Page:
Life on Mars by Nic Coviello

Artist, Nic Coviello, recently visited "Life on Mars" while on a trip to Pittsburg. He wrote me to tell me his thoughts, and what he said got me so interested I asked him if he would write a post for me. By total coincidence I just met Jason Busch, a curator from the Carnegie Museum, because he is one of the fellow residents in the ITE program this year. I don't know if he was part of the team who worked on the Biennia,l but the timing is interesting either way. Enjoy Nic's piece. –Vincent Romaniello

Life on Mars, the 55th Carnegie International (up until January 11, 2009) had some very engaging stuff that had you digging deeper into materials and ideas and politic than most large-scale thematic surveys.

You can enter through the curator’s opening questions and find a website that is very well constructed, with capsule comments about each of the artists represented.

First of all I have to mention that the selection of the artists and the installation of the artwork in this marvelous building helps provide a rewarding experience of discovery, and when really good, self-reflection.

My numero uno artist/installation in the exhibition is Mike Kelley’s room of large glass vessels that house crystal like architectural cities. They are tethered to industrial tanks, supported by exquisite bold “pedestals” and appear to be under some kind of pressurized system. Each of the Kandor vessels is somehow under surveillance and its internal life is projected on the walls. The space is dark except for the projections and the large glass vessels. The whirling particles in the projections provide grit for its aural dimension. It looks and feels as though you have tripped over to Krypton and become a spectator in Jorel’s garden.

Oh, the building’s contribution: Kelley’s installation is on the ground floor of a two-tier space. Standing in the middle of room, captured by these pulsing vessels, you look up and notice in the dim light that over each Kandor projection is a classical Greco-Roman sculpture acting as sentry and observing your every move.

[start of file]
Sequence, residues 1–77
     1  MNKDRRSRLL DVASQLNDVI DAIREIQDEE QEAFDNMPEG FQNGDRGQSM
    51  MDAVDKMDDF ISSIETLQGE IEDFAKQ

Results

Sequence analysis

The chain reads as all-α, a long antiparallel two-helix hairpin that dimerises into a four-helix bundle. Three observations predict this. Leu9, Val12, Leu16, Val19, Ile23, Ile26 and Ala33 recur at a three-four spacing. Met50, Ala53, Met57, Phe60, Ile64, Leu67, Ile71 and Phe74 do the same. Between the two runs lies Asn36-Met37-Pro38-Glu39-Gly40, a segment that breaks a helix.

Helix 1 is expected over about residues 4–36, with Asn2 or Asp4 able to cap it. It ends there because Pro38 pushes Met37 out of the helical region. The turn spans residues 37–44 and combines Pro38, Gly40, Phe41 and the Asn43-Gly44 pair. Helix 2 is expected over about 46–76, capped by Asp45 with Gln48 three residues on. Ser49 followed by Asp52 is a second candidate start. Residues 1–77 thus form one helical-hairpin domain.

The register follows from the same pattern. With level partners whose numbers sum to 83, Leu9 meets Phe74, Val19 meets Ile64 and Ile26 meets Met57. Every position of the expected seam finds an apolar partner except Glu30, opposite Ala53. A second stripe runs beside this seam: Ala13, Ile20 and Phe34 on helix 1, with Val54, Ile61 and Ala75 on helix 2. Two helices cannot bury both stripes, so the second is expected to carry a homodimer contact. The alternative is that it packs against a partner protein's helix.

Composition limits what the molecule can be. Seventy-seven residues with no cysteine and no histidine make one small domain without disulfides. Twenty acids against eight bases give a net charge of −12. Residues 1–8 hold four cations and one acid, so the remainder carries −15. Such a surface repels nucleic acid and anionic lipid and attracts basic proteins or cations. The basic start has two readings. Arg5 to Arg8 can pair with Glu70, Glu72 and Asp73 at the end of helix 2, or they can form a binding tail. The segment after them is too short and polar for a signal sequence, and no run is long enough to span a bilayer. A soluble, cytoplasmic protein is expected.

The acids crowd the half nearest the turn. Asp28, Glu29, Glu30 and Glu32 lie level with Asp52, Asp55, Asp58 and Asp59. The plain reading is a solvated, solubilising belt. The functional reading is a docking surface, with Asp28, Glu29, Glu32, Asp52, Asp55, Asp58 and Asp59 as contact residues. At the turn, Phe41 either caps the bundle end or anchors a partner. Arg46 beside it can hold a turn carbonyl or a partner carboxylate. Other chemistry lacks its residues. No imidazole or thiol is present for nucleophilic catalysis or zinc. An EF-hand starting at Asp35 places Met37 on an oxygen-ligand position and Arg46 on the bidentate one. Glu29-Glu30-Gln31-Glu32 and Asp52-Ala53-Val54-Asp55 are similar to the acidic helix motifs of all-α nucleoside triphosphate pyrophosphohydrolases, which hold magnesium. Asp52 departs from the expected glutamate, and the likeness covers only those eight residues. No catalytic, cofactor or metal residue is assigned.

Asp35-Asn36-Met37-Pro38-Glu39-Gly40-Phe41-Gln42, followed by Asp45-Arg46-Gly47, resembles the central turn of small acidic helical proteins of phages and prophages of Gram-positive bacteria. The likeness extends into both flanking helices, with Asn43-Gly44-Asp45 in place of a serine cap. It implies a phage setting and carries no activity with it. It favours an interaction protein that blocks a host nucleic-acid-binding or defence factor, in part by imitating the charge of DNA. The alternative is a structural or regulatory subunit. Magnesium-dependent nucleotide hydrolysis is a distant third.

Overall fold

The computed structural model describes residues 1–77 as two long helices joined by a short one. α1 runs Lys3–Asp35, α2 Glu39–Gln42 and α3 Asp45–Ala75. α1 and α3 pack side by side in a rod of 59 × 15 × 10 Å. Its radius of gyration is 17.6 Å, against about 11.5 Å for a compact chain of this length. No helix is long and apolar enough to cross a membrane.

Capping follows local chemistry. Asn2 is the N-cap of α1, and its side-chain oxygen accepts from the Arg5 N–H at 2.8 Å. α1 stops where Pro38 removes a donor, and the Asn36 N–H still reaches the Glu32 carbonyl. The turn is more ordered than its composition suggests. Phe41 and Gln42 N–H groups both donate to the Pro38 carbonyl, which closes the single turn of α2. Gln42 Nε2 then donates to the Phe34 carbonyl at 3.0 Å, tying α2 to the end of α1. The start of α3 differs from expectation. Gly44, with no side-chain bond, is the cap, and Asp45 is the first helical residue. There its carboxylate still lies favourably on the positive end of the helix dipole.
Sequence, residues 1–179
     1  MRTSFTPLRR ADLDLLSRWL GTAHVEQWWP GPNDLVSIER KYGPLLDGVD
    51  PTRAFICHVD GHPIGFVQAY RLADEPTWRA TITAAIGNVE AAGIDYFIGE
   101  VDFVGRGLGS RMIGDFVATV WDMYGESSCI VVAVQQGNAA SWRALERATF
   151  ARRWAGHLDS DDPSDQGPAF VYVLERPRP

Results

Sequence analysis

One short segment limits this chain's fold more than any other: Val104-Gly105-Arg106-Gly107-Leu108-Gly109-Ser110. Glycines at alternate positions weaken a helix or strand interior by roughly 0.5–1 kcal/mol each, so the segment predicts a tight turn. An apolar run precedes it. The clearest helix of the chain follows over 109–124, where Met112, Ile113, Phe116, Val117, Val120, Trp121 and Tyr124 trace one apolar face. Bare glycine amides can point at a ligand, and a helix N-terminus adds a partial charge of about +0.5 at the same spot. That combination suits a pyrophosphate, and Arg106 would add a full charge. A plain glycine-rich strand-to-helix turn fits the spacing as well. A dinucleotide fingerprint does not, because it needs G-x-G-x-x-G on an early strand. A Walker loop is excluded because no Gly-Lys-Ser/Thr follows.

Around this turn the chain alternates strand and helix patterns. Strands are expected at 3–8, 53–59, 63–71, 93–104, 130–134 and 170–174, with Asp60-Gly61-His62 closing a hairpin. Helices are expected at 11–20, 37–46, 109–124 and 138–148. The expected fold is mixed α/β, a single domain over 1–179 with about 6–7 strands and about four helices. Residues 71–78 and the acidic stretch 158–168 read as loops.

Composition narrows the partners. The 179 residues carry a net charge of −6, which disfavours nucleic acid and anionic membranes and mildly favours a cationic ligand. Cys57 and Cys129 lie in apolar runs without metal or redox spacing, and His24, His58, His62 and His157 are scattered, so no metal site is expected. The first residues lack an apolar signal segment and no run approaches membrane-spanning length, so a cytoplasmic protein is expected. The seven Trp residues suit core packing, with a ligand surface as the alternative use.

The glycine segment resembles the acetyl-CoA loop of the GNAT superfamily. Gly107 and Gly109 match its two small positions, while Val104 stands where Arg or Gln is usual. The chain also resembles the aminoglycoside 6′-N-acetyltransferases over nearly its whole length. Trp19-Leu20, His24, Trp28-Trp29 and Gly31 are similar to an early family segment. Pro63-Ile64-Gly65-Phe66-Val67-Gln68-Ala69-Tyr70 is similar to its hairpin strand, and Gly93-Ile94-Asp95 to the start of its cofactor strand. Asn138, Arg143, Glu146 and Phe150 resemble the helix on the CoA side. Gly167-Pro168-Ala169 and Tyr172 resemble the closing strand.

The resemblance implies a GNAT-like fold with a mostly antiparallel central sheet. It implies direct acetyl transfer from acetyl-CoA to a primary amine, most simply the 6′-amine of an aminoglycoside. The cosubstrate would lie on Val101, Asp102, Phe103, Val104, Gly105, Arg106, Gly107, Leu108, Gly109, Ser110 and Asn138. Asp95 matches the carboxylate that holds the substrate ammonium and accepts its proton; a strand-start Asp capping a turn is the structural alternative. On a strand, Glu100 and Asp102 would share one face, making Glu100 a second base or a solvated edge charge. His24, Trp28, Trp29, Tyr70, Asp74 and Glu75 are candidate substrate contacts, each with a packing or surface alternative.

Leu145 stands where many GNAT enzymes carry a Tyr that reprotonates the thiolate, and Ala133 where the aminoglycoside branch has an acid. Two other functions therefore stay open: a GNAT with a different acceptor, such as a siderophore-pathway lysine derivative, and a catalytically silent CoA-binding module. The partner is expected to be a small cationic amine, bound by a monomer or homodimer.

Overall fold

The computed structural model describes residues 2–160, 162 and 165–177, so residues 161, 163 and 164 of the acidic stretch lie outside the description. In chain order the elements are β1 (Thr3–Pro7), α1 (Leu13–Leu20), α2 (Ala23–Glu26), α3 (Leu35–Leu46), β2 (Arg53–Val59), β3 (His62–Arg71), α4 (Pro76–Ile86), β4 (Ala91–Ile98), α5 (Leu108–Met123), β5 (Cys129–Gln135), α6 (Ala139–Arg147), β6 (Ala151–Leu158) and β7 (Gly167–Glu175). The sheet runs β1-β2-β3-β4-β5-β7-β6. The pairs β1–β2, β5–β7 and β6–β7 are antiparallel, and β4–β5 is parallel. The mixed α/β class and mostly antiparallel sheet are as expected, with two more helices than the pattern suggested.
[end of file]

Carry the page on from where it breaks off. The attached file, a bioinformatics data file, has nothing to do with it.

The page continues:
Sasnal, Stingel and Tilmams. The work of each of these guys share in some way visual elements and/or POV that exist at the edges of my own work - so of course I was more engaged and critical of their work. Wilhelm Sasnal’s small scale paintings are content loaded, direct and when really compelling Raw. Rudolf Stingel’s large scale double-licious canvas is an elegant fortissimo about a single note slight of hand, and Wolfgang Tillmans’ techno photography exists to explore new ideas and crossovers from traditional formalism in painting into its own chemical plane.

Why did I like Cao Fei’s three-part video so much? Was it the dreams of prosperity and happiness in Chinese manufacturing? Capitalism eats a culture? Ballet of beads and light bulbs? This is a point and shoot video but the content cannot be ignored.

Apichatpong Weerasethakul from Thailand. A four-screen piece that juggles a number of emotional responses. You are at once a spectator and a witness.

Oh, and another installation, this one by Thomas Hirschhorn cannibalizes the space it occupies and creates a disorienting and strange cave like world of wrapping tape fixtures, walls, hysterical forms and personal garbage. The floors are uneven the walls collapse on you and then envelope specialized caves of personal experiences: stalagmite books and stalactite hooters.
Who was that guy?

Now the third and last installation I would like to mention concerns the present, the obvious, the graffiti artist and his five-man stacked and animated tag team. When you come upon Barry McGee’s assemblage it is immediately humorous and then the questions begin. What is it that is about to erupt from the optically charged and pregnant walls? Do the graffit-ites perform some Cirque before they attack the ceiling?

Just as with the Kelley and the Hirshorn and the Sasnal, there’s more to this artist than you can collect on your first meeting.

For a real good day at the Carnegie Museum of Art you should also make it a full day and check out the their permanent collection. There’s some high quality works out there.

First time visit?.. There’s a reciprocal admissions agreement with the PMA and you can get a really good lunch at reasonable prices in their café.

Image above, Rudolf Stingel, Untitled 2000 from the Paula Copper Gallery.

–Nic Coviello